A pair of mega dams in construction on the Santa Cruz river’s banks could flood more than 135 square miles of the surrounding region--an area almost twice as big as Buenos Aires--and transform Argentina’s last free-flowing glacial river into a series of brackish pools.

    Perito Moreno Glacier Nathalie Racheter WW21919
  • An 83% decline of freshwater animals underscores the need to keep rivers connected and flowing

    October 30, 2018

    This year’s Living Planet Report shows that populations of animals—including mammals, birds, fish, reptiles, and amphibians—plummeted by 60% between 1970 and 2014. But those living in freshwater are experiencing a far more drastic decline: 83% since 1970.

    water vole Terry Whittaker WW24406
  • In a blow to wildlife, China lifts a ban on the use of tiger and rhino parts

    October 29, 2018

    In an enormous setback for wildlife conservation, China announced it will allow hospitals to use tiger bone and rhino horn from captive-bred animals for traditional medicine. The decision reverses a decades-old ban that has been instrumental in preventing the extinction of endangered tigers and rhinos.

    Bengal Tiger in the Ranthambore National Park, India
  • All about elephants

    WWF Magazine: Winter 2018
    WWF and an array of actors are working to protect elephant habitats, scale up antipoaching efforts, and shut down illegal ivory markets to make sure elephants can continue their lives in the wild.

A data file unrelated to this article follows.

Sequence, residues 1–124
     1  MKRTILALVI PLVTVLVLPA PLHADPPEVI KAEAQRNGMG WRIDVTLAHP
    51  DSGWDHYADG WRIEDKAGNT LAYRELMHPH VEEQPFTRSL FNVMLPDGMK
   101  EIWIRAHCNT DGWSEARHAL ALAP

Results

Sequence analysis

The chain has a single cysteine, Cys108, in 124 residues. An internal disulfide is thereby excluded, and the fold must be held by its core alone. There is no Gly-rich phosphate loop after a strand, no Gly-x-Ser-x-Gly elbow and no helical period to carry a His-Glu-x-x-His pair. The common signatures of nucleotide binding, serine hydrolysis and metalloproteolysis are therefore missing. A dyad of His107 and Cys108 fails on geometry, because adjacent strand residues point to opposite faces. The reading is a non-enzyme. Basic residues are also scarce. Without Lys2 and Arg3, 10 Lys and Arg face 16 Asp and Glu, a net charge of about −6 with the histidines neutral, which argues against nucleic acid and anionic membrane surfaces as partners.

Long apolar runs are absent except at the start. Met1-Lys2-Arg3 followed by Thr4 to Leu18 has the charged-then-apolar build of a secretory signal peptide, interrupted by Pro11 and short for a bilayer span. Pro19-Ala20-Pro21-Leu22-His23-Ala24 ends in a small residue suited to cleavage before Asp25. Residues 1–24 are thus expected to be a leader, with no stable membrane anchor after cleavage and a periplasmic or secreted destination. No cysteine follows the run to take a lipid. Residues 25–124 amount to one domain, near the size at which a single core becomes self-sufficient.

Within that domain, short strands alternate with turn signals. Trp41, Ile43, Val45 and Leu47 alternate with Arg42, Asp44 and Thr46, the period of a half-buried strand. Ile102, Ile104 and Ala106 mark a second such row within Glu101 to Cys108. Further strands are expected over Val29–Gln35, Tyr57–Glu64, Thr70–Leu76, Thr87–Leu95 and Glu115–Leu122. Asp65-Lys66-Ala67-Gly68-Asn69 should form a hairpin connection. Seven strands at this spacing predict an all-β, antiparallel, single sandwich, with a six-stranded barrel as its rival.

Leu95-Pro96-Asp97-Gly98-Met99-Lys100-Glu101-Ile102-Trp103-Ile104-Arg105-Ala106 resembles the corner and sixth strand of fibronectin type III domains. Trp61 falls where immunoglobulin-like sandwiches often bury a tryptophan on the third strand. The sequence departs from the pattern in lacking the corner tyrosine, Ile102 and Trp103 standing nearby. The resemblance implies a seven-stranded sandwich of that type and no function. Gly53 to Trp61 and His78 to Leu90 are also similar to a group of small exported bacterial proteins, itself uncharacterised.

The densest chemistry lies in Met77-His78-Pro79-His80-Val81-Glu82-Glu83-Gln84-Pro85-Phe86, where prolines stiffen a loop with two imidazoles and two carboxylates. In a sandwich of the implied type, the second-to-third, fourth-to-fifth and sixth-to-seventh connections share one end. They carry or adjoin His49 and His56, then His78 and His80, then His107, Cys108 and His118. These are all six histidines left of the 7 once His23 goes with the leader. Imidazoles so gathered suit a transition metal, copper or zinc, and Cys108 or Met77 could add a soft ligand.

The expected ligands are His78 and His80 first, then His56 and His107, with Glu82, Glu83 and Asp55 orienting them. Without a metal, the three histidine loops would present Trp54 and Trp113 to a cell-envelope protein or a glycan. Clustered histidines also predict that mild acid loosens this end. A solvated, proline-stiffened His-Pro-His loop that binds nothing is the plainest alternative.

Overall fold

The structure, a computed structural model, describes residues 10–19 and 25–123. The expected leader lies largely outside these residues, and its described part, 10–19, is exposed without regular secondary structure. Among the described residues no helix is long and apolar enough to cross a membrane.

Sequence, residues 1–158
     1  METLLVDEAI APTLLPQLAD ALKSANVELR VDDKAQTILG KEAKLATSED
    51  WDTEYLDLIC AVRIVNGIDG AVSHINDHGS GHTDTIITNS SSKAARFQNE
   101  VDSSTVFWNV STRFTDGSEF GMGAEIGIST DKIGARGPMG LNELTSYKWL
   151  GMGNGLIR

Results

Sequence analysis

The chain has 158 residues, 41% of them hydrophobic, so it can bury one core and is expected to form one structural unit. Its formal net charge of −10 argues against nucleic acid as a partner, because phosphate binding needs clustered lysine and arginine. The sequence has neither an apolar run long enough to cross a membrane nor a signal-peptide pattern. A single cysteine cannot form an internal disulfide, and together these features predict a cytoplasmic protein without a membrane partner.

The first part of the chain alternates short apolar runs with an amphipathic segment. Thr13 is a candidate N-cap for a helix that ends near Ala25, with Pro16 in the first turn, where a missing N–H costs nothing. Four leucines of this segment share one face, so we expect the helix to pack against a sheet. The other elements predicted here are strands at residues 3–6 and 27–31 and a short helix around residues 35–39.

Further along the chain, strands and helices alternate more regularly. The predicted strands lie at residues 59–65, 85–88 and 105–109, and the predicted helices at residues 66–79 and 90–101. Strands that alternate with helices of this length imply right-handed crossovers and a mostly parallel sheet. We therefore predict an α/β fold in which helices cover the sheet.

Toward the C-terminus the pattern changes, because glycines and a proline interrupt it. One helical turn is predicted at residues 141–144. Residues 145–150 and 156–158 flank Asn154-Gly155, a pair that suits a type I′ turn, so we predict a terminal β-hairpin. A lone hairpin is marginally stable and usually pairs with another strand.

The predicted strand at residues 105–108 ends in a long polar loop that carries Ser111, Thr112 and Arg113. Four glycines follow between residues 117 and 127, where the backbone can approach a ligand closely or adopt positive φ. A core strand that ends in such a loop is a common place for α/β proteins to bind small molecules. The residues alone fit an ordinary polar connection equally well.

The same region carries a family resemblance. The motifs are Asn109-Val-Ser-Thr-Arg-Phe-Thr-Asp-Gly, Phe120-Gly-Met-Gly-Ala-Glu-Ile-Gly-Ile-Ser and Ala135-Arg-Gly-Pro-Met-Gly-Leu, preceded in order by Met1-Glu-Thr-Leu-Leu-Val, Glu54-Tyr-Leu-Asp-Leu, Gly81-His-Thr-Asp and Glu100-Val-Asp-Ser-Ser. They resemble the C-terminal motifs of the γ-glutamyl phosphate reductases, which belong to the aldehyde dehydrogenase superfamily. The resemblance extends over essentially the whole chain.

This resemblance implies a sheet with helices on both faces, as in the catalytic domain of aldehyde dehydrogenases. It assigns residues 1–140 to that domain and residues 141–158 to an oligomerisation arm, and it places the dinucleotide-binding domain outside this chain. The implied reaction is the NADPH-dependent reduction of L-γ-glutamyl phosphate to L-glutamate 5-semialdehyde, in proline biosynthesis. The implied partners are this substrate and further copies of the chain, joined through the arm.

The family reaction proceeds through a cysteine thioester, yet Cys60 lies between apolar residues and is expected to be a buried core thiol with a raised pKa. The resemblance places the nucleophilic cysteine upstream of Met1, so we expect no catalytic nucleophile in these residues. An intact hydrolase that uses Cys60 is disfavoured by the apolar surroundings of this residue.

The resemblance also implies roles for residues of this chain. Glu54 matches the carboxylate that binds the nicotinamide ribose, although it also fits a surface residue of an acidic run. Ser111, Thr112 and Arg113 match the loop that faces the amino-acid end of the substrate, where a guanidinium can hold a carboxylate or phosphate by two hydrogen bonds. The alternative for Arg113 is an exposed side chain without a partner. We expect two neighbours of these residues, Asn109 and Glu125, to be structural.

Black and white photo of elephant feet
  • Tackling plastic pollution in the Galápagos

    October 24, 2018

    Around the world, humans produce an estimated 1.3 billion tons of plastic waste per year, a number that is set to increase to 2.2 billion by 2025. In countries such as Ecuador that have limited garbage collection services, some of this plastic waste inevitably ends up back in the oceans or on beaches, where it has the potential to harm and human health.

    blue footed booby galapagos Tui De Roy WW24425
  • We’re one step closer to keeping trash and plastic out of our oceans

    October 18, 2018

    Nearly 124,000 WWF activists from 49 states reached out to their member of Congress to support a bipartisan bill to take a stand on ocean plastic, and their impressive efforts paid off.

    humback whale jump
  • In Peru, pink river dolphins are tagged with transmitters for the first time

    In order to learn more about the population status of this species, a scientific expedition set out to install satellite transmitters on pink river dolphins in Peru.

    dolphin tagging Peru Jeffrey Davila